Friday I transplanted the bare-root strawberry plants that came in the mail. I had ordered them last year and received dried up dead roots. I followed their instructions and planted them and waited, but nothing ever came up. When I went to dig them back up to plant something else in their place, some were entirely rotted away, and some still had desiccated dried up roots, but no signs of growth. The trees they sent were similarly dead - no roots, just a cutting that never grew. I followed the instructions to get a replacement (one year guarantee), and never heard back from them. Then I got a shipping notification. I figured they'd sent the replacement order. Nope, just the strawberry plants... but at least this time they had some green! So I got them put into soil in cups indoors right away to make sure they had the best chance (it's still too cold outside to put them in the garden). Some of the plants looked like they had mold on them (fuzzy and white on the green growth portions), and most of them were already starting to rot (black and squishy just above the crown making the green growth above it die). Since planting them into cups, almost all of them look pretty rough. All of them with the black rot are dying back. I'm hoping it's just from being in the plastic shipping bag and the long journey (seriously, over a week in the mail - FedEx surely you can do better). I'm excited to move them outside when the weather warms up in a couple more weeks (I hope).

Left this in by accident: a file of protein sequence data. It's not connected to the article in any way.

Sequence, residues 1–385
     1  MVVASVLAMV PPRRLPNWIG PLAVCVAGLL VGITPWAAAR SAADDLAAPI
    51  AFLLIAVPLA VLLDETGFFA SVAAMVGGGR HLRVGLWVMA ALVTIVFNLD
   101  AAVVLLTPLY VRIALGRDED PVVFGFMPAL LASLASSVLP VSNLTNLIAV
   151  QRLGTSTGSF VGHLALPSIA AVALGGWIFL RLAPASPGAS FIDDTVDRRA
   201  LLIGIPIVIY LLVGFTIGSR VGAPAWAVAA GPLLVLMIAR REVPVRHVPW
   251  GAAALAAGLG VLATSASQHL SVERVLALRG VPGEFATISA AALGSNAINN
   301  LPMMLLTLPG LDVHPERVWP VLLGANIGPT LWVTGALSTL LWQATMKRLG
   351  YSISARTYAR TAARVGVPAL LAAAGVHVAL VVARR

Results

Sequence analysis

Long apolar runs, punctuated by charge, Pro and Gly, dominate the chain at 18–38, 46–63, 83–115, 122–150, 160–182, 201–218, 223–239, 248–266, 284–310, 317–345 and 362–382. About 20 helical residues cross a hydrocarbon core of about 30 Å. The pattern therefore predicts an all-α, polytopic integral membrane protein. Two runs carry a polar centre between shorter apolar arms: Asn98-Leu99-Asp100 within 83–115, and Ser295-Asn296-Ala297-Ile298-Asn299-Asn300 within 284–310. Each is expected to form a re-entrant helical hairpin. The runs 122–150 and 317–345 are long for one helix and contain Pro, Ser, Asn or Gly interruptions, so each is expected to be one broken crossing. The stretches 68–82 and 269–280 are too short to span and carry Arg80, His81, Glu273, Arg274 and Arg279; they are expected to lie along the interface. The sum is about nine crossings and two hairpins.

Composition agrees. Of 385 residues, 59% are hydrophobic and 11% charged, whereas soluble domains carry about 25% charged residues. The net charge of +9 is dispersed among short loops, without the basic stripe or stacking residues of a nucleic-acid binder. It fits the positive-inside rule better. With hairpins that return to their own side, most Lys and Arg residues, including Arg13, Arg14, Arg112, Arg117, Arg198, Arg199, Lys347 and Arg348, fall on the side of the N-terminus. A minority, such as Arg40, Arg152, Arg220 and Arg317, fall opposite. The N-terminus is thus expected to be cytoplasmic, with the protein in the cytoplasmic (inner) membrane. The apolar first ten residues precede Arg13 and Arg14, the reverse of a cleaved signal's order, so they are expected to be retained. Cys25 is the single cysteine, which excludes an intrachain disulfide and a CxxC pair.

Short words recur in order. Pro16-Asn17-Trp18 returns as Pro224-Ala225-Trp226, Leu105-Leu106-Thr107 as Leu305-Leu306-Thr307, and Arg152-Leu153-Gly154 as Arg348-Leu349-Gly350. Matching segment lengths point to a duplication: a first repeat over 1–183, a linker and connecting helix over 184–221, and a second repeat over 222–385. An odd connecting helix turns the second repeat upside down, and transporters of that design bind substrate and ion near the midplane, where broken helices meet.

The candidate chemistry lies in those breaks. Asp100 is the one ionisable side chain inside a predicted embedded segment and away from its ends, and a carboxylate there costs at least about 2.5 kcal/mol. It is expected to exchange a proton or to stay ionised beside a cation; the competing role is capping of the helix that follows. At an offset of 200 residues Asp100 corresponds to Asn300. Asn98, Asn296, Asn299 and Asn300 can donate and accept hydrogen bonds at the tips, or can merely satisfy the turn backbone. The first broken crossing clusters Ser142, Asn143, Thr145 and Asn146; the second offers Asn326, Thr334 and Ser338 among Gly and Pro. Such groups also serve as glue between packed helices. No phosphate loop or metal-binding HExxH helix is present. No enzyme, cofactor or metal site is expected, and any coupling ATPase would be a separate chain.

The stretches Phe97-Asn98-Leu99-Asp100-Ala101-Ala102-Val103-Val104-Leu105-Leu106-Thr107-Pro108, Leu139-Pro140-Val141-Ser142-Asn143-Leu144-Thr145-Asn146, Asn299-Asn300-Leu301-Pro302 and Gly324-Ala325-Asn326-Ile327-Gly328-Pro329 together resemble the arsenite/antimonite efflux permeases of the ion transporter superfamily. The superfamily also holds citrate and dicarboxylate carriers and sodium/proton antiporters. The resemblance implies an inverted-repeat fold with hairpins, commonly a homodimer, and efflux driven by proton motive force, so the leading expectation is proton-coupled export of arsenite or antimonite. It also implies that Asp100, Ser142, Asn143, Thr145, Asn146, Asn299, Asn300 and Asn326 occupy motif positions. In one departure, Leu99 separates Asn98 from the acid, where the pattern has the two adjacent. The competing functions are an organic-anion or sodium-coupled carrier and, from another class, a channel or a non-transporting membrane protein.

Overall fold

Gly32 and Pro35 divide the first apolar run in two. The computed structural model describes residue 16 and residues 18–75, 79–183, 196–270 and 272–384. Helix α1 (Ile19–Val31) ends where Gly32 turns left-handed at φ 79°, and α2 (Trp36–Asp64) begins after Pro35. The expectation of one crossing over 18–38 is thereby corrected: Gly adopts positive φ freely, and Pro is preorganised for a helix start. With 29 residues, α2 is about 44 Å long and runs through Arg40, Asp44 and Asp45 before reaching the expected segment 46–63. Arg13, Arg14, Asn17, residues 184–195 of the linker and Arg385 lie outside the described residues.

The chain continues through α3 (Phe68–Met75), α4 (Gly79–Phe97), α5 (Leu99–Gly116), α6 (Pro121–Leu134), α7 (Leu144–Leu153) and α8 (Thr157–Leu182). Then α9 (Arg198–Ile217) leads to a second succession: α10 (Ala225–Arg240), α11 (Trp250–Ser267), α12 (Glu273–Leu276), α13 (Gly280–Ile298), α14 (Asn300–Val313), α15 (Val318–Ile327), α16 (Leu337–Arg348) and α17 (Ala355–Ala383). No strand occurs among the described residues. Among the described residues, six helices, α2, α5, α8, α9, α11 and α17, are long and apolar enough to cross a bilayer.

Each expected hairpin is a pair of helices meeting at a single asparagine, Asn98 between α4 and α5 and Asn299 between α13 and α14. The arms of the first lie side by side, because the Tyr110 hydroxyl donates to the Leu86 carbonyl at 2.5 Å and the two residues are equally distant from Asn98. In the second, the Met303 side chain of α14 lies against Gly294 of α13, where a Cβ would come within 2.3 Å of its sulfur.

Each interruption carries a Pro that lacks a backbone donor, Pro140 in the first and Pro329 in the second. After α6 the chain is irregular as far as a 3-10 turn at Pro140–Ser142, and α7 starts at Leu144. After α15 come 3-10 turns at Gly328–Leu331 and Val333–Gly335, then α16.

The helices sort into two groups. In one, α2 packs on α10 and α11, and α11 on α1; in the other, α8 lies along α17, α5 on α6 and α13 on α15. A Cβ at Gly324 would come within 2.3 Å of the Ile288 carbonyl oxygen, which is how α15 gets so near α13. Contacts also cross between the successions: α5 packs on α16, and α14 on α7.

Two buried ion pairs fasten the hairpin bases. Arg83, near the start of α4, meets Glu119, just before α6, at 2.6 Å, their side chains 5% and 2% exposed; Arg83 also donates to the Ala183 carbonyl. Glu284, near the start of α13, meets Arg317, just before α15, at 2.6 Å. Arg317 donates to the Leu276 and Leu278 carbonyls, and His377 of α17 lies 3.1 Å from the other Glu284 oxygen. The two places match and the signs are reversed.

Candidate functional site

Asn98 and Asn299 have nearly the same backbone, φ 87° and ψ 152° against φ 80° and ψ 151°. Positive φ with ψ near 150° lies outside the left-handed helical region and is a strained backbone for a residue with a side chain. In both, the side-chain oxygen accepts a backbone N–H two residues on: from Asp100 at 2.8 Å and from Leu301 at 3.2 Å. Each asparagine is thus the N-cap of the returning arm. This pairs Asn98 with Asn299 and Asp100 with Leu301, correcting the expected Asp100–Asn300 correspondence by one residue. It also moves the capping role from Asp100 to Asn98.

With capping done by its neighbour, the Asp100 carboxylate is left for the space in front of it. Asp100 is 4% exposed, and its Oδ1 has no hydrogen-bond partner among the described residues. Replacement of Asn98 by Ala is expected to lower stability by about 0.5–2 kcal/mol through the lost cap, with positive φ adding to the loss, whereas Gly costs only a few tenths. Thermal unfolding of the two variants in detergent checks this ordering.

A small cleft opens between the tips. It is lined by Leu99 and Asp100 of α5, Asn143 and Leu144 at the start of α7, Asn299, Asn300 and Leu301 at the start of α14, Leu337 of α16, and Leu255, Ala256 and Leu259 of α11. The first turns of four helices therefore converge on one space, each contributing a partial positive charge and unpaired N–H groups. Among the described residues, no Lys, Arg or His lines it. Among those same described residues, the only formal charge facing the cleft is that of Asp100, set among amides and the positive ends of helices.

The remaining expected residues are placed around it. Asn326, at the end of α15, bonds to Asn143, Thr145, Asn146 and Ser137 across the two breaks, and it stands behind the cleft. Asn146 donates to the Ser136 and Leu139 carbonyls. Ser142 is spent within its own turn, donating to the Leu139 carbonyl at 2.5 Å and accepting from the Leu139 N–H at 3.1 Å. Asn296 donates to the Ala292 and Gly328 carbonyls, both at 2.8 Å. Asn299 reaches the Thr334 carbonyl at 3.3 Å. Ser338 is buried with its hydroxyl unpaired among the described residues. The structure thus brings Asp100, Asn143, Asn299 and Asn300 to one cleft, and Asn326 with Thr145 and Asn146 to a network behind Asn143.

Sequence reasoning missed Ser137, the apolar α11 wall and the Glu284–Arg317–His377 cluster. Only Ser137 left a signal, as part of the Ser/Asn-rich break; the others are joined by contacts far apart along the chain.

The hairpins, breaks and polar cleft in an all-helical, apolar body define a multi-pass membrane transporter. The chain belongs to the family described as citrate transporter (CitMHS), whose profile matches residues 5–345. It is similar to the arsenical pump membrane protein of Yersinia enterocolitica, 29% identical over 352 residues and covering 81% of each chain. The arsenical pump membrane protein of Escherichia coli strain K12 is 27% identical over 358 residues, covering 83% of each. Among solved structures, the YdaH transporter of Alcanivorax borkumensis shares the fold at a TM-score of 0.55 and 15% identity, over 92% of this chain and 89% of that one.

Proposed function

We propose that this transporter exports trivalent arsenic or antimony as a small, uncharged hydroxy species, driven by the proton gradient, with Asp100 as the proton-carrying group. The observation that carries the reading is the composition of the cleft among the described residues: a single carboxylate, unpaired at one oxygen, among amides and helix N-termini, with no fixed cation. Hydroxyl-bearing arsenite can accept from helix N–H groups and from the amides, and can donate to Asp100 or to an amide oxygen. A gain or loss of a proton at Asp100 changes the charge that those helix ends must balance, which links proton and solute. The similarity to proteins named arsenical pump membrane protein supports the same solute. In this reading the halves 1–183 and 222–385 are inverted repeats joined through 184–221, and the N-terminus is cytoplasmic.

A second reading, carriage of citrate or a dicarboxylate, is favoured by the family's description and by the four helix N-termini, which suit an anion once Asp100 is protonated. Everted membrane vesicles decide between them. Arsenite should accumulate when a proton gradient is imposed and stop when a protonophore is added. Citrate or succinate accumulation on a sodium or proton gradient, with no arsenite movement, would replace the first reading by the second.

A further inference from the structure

Today I spent most of my day cleaning, but we all played outside for a while. It was 65 degrees today and warm enough to go out without a coat on. The kids gathered sticks and played a game, I sorted through the old bird cages to see what all matched up and what I could use for scrap. I found a bunch of wood that would look really neat in a reptile tank. #2 figured out how to open the metal door to the cistern, so we peeked in there (but did not go in). The kids and I caught Sherlock and loved on him for a while before letting him go again.